Gunter Pauli is an entrepreneur, economist, and author born in 1956 in Antwerp (Belgium). He is best known for his main work, The Blue Economy. He has lived on 4 continents, is fluent in 7 languages, has been a resident of Japan since 1994, and spends most of his time in South Africa. Gunter Pauli holds a degree in economics from Loyola University (today University of Antwerp) in 1979 in Belgium and an MBA from INSEAD at Fontainebleau (France) in 1982.
Pauli’s entrepreneurial activities span culture, science, politics, business, and the environment. He is also a member of The Club of Rome and has served three years since 2017 as an elected member of the Executive Committee. Gunter Pauli has served as an advisor for governments in Spain, Argentina, and Italy.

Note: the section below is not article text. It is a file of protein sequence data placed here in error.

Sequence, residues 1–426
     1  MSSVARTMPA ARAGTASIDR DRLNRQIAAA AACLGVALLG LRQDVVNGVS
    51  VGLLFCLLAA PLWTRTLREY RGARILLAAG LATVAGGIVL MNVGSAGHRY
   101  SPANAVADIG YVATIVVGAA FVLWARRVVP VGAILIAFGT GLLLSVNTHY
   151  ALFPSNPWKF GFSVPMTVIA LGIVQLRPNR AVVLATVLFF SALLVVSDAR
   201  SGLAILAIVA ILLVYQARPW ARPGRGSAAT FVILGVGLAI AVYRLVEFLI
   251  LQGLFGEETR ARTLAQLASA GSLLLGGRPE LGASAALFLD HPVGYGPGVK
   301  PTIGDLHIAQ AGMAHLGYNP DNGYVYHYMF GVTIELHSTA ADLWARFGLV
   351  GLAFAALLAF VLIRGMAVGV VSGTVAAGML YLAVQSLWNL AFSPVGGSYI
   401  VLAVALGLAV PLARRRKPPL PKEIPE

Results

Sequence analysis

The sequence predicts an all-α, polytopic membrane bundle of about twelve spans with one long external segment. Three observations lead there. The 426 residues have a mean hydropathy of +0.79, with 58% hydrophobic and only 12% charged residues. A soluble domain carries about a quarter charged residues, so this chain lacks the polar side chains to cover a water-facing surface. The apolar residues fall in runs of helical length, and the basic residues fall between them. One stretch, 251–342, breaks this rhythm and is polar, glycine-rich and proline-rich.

He has also worked as an author, notably of The Blue Economy. He assisted Aurelio Peccei, founder of the Club of Rome from 1979 to 1984, and later wrote a biography about him.
In 1989 he was elected as an independent substitute to the European Parliament but never took up the seat. Former chairman of Ecover, an ecological detergent company, before realizing in 1990 that its components - palm oil in particular - destroy primary forests, he is nicknamed the "Steve Jobs of sustainable development", or even the "Che Guevara of biodiversity ”, or “the apostle of sustainable growth
Gunter Pauli is committed to designing and implementing a competitive business model which responds to people’s needs using what is locally available. He introduced “The Blue Economy” philosophy in 1994 when asked by the United Nations to reflect on the business models of the future in preparation for COP 3 in Japan where the Kyoto Protocol was decide.